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Spark Plug Diagnosis Chart




Symptoms: Brown to grayish-tan and slight electrode wear. Correct heat range for engine ad operating conditions.

Recommendations: When new spark plugs are installed, replace with plugs of the same heat range.


Symptoms: Rounded electrodes with a small amount of a deposit on the firing end. Normal Color. Causes hard starting in damp or cold weather and poor fuel economy

Recommendations: Plugs have been left in the engine too long. Replace with new plugs of the same heat range. Follow the recommended maintenance schedule.
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Reading the sparks Plugs

Examining the tips of the spark plugs as they are removed can reveal a great deal about the health and performance of an engine. The appearance and color of the deposits can reveal other problems that may need fixing:

  • Normal deposits Light brown or tan colored.

  • Fuel fouled spark plug Black fluffy carbon deposits indicate an overly rich fuel mixture or possibly a weak spark. Check for such things as a stuck choke, a heavy or misadjusted carburetor float, a leaky needle valve in the carburetor, leaky injectors, low coil output or high resistance in the plug wires.

  • Wet spark plug A wet spark plug means the plug has not been firing. If not due to engine flooding, the problem may be a bad ignition cable (excessive resistance, shorted or arcing). But wet fouling can also be caused by dirt or moisture on the outside of the plug that provides a conductive path to ground, or by an internal crack in the ceramic insulator that shorts the plug to ground.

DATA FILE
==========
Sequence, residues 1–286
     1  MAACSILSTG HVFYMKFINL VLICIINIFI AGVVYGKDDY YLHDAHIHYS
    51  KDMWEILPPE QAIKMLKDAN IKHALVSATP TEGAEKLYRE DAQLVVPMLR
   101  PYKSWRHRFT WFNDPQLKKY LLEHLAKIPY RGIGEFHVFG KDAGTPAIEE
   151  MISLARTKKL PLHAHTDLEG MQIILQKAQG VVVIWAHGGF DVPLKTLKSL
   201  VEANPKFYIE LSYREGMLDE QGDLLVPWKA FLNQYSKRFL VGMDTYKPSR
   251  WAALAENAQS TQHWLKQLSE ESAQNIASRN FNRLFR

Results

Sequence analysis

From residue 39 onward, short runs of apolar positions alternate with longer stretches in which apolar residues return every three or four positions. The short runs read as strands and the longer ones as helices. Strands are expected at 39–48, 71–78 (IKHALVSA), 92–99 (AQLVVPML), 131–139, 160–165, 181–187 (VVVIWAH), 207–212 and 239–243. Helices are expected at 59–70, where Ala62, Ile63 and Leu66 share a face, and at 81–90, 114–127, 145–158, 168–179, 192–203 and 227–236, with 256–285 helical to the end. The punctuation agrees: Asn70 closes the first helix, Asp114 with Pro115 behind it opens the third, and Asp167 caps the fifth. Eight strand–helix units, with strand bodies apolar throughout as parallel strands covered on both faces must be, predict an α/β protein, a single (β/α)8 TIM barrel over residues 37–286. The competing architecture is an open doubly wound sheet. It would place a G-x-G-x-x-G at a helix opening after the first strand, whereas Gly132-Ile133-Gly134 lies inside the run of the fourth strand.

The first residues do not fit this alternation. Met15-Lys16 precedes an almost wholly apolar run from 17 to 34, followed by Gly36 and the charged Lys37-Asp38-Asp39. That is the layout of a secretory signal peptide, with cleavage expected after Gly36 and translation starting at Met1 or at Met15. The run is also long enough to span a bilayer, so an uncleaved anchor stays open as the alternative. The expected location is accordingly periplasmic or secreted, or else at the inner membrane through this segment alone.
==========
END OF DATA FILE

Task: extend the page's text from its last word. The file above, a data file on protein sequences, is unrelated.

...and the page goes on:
• Oil fouled spark plug Heavy black deposits with an oily appearance. These are the result of oil entering in the combustion chamber, probably past worn valve guides, guide seals or rings. Switching to a hotter plug may help prolong plug life somewhat, but no spark plug will survive long under such conditions. The only permanent cure to this condition is to fix the oil consumption problem.

  • Glazed spark plug Yellowish melted appearing deposits on the insulator tip that result from high temperature operation. The engine may be running too hot (check for cooling problems), the EGR valve may be inoperative and/or the heat range of the plug may be too hot for the application. Switching to a cooler plug may be necessary if no other problems are found.

  • Damaged plug If the electrodes have been smashed flat or broken, somebody put the wrong plug in the engine. A plug that protrudes too far into the combustion chamber may hit the piston or a valve. Always follow the plug manufacturers application recommendations when selecting replacement plugs to prevent this kind of problem.

  • Overheating If the spark plug insulator is blistered, white and free from deposits, something is making the plug run too hot. If the heat range is not too hot for the application, check for cooling problems, incorrect ignition timing or a lean fuel mixture.

  • Melted electrode A symptom of severe preignition. The spark plug has been running too hot for a long time (see overheating above). This can be very damaging and may burn a hole through the top of a piston!

  • Detonation If the insulator is split or chipped, detonation (spark knock) may be occurring in the engine. The underlying cause here might be an inoperative EGR valve, overadvanced ignition timing, excessive compression due to accumulated deposits in the combustion chamber, or engine overheating.

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